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Three keys to living with CKD

Following a healthy lifestyle that protects the kidneys from further damage can help people with CKD can enjoy full, active lives. These three factors can help.

March 11, 2021

Three keys to living with CKD

Limit sodium intake. Exercise. Keep an eye on potassium and phosphorus levels. Check your liquid consumption. Living with Chronic Kidney Disease (CKD) demands consistent, daily management to keep the disease in check. The good news? By following a healthy lifestyle that protects the kidneys from further damage, people with CKD can enjoy full, active lives.

What causes CKD and who’s at risk? 

CKD is a chronic condition which causes a person to lose kidney function over time. It’s usually a result of other health conditions including heart disease and diabetes. In fact, two-thirds of CKD cases are due to those two diseases.1

The most common risk factors for CKD are:

  • Diabetes
  • High blood pressure
  • Heart disease
  • Obesity
  • Family history of CKD
  • Being 60 years old or older
  • Being a minority

Three keys to living with CKD

Newly diagnosed with CKD? Or do you have a loved one with the chronic illness? It’s important to learn about the disease and understand how to manage it. Once you do, living well with CKD is a matter of being mindful of nutrition, making consistent choices, and seeing the doctor regularly to monitor the disease.

1. Assess your diet

If you’re diagnosed with CKD, you must pay close attention to what you eat. Work with your doctor or a registered dietitian to customize a nutrition plan that’s right for your condition. To support your overall health and reduce the stress on your kidneys, limit the processed foods in your diet and boost your consumption of lean animal proteins, plant-based proteins, whole grains, fresh fruits and vegetables. For most CKD patients, limiting sodium intake to less than 2,300 milligrams a day is also very important.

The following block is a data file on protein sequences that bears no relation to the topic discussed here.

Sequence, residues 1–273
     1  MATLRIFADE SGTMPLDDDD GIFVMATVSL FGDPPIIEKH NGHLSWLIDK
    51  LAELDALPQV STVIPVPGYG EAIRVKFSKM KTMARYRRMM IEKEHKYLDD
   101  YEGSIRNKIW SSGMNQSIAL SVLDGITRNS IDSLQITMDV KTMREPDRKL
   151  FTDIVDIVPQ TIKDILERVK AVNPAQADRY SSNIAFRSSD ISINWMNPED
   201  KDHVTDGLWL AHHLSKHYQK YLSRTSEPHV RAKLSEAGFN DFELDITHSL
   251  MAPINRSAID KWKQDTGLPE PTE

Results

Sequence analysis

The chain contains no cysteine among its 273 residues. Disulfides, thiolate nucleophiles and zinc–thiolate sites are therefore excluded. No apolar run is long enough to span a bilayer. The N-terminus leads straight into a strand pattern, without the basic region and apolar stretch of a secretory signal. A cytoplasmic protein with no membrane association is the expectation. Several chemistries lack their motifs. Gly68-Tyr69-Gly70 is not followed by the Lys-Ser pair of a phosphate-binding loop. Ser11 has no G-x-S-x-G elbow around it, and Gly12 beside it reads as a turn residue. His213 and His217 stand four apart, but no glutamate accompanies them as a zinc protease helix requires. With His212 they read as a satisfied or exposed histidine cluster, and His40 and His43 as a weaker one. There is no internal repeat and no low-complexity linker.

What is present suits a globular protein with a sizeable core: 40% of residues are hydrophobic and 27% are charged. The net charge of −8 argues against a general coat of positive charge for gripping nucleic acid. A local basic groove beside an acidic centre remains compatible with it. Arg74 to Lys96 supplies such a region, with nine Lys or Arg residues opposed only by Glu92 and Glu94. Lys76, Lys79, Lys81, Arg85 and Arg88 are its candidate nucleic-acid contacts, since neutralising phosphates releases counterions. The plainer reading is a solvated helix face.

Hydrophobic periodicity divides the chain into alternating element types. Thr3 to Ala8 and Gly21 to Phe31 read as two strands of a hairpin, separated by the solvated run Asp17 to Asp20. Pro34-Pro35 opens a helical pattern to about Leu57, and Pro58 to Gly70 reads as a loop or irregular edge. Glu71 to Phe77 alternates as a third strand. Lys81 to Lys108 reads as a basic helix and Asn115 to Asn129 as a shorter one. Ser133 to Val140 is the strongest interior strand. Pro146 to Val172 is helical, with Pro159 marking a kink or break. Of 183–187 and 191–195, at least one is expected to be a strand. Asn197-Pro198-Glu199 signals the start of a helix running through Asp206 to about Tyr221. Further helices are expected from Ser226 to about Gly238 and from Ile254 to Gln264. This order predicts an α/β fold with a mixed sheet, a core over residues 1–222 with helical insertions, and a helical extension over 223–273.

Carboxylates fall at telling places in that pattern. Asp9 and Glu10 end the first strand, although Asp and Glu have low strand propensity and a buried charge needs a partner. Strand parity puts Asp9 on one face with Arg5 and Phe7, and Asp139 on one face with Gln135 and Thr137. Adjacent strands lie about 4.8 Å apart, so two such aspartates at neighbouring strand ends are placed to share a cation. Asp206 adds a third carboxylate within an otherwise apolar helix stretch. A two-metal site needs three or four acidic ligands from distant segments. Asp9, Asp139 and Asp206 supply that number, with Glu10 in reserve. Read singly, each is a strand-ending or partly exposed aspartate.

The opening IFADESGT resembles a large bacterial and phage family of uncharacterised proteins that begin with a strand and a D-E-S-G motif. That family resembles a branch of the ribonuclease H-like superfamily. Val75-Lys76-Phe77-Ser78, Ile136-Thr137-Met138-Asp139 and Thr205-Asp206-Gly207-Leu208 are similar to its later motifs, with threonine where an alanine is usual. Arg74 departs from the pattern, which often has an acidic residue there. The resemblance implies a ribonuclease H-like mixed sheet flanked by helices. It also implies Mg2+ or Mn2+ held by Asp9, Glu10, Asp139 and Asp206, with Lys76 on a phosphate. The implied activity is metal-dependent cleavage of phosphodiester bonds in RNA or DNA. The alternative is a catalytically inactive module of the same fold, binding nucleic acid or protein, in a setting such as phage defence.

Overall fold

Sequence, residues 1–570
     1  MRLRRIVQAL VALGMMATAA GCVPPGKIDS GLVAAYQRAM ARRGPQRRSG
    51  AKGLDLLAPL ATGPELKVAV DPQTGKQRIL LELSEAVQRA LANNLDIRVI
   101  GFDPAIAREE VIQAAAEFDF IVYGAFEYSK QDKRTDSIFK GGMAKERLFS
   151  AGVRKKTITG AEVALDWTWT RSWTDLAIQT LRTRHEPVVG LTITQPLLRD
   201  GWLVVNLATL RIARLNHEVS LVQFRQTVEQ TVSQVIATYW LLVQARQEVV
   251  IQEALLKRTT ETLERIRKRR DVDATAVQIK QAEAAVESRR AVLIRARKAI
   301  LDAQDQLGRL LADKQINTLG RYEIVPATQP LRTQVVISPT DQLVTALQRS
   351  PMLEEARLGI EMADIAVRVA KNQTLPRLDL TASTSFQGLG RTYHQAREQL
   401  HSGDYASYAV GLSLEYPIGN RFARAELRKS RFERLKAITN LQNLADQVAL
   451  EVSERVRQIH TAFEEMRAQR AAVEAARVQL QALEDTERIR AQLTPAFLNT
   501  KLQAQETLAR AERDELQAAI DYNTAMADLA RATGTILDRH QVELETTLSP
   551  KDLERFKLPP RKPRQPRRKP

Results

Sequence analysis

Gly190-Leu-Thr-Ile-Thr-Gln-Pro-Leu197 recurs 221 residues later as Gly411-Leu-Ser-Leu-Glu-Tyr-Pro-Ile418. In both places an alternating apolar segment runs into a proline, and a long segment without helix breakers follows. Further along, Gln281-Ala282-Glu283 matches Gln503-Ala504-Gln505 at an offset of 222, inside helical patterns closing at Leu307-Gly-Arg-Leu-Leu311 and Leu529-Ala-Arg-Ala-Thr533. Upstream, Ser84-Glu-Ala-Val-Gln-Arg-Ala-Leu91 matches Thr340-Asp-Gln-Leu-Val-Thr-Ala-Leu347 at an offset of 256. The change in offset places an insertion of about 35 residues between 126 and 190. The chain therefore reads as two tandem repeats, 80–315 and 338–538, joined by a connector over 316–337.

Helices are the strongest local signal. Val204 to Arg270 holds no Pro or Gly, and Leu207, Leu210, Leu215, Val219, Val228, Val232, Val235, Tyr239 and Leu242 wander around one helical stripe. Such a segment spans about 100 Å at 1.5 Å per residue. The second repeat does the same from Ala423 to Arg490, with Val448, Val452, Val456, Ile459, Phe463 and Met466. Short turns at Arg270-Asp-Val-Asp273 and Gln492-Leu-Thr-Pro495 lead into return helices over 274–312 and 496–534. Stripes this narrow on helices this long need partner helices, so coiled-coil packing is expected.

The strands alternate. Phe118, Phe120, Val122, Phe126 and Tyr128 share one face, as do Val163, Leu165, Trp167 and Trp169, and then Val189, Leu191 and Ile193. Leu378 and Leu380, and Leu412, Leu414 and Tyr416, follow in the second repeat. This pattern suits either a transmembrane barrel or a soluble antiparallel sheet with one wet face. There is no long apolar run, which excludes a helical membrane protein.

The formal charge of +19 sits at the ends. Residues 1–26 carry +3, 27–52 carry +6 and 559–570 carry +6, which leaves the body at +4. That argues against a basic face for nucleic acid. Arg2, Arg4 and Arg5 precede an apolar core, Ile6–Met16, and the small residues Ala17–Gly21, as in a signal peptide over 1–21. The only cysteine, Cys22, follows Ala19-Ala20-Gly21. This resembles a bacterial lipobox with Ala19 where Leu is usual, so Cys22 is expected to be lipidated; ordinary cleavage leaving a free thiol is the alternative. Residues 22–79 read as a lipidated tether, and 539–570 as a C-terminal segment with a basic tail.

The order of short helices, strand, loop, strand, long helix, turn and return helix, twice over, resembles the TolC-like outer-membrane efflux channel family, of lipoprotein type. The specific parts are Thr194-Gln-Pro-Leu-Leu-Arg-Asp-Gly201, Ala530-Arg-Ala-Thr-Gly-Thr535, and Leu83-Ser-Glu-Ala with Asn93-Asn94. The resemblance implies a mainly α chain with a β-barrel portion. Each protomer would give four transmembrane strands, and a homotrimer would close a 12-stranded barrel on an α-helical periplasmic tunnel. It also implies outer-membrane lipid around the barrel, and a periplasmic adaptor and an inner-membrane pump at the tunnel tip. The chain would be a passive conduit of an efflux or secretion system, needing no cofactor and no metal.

2. Balance your minerals and vitamins

People living with CKD often have different vitamin and mineral needs due to their compromised kidney function, special dietary requirements, and the side effects of some prescription medications. Potassium and phosphorous are two minerals to keep your eye on.

  • Potassium – When the kidneys are damaged, potassium may build up in the blood and that can lead to heart problems. Knowing the potassium levels in your food will help you keep the mineral in check.
  • Phosphorous – Like potassium, phosphorous can also accumulate in the blood when the kidneys aren’t functioning effectively. A build-up of this mineral causes bone and joint pain and can lower calcium levels which makes your bones weak. Learn which foods are high in added phosphorous – like dairy, deli meats, and dark sodas – and try to avoid them.2

3. Prioritize exercise

According to the National Institute of Diabetes and Digestive and Kidney Diseases (NDDKD), people living with CKD should get about 30 minutes of exercise every day. Exercise – in any form – helps manage weight while preventing some of the other chronic illnesses that contribute to CKD including diabetes and heart disease. And remember that you don’t have to do it all at once. Several brisk 10-minute walks throughout the day will do the trick. Check with your doctor first about the right plan for you -- then just do it! 3

Mom's Meals® can help

People living with CKD need support in maintaining a lifestyle that helps control their disease. Mom’s Meals offers a convenient way to do that with our delicious, home-delivered, renal-friendly meals designed to provide nutritional support to help manage kidney disease.